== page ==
8 Netherlands  $          5,303  $          5,322  $          5,297  $          5,385 2%
9 Austria  $          4,861  $          5,001  $          5,100  $          5,227 7%
10 Denmark  $          4,772  $          4,906  $          5,058  $          5,205 8%
11 Belgium  $          4,505  $          4,656  $          4,778  $          4,840 7%
12 Canada  $          4,461  $          4,502  $          4,613  $          4,753 6%
13 Australia  $          4,186  $          4,289  $          4,493  $          4,708 11%
14 France  $          4,331  $          4,464  $          4,530  $          4,600 6%
15 Japan  $          4,207  $          4,269  $          4,436  $          4,519 7%
16 Iceland  $          3,707  $          3,891  $          4,106  $          4,376 15%
17 United Kingdom  $          3,845  $          3,989  $          4,125  $          4,192 8%
18 Finland  $          3,920  $          3,935  $          3,993  $          4,033 3%
19 New Zealand  $          3,402  $          3,496  $          3,545  $          3,590 5%
20 Italy  $          3,235  $          3,271  $          3,352  $          3,391 5%
21 Spain  $          2,941  $          3,057  $          3,180  $          3,248 9%
22 Slovenia  $          2,586  $          2,647  $          2,731  $          2,835 9%
23 Israel  $          2,423  $          2,595  $          2,713  $          2,822 14%
24 Portugal  $          2,536  $          2,599  $          2,664  $          2,734 7%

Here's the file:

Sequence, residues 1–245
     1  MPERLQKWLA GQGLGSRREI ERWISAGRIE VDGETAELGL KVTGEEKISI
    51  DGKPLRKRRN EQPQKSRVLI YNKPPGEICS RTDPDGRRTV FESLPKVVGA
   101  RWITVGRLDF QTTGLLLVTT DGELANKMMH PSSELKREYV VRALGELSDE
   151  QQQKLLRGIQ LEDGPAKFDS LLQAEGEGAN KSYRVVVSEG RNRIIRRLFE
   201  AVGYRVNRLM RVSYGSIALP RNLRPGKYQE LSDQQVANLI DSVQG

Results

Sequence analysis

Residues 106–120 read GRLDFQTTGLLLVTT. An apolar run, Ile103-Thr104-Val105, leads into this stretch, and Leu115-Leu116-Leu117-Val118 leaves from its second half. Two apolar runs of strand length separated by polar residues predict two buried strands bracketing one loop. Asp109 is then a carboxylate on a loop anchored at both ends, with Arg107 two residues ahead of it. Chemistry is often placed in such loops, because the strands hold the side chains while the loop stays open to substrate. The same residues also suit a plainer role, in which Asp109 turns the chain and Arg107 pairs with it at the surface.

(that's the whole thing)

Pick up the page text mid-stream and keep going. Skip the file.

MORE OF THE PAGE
25 Korea  $          2,252  $          2,396  $          2,535  $          2,729 17%

SOURCE

2 – The Canadian & UK Government Run Health Care is Both Too Expensive & Too Slow

health-care-wait-times-canada-sweden-norway-france-australia-us-ntherlands-germany-switzerland-2005-2008-2010Take a look at the table to the right.  It shows the average wait times in Canada, Sweden, the UK, the US and many other countries.  It is plain to see that the UK ad Canadian systems are failing their citizens despite increased spending and a never ending stream of claims from health care boards and politicians that these wait time will be reduced.

In Canada the political spectrum responded as follows to a “How To Fix Health Care” discussion in 2011.  It is representative of health care claims all over the world:

  • Moderate Right – Canadian ‘Conservatives’: We recognize the importance of affordable access to drugs as part of our high-quality health-care system. …That is why we have increased funding to provinces and territories by 33 per cent since we formed government so that they continue to meet the health-care needs of their residents…
  • Moderate Center – Canadian ‘Liberals’: We would engage provincial and territorial governments in a co-ordinated action on drugs, including measures to cover financially catastrophic drugs, cost-reducing bulk purchasing strategies, and improving access to breakthrough pharmaceuticals…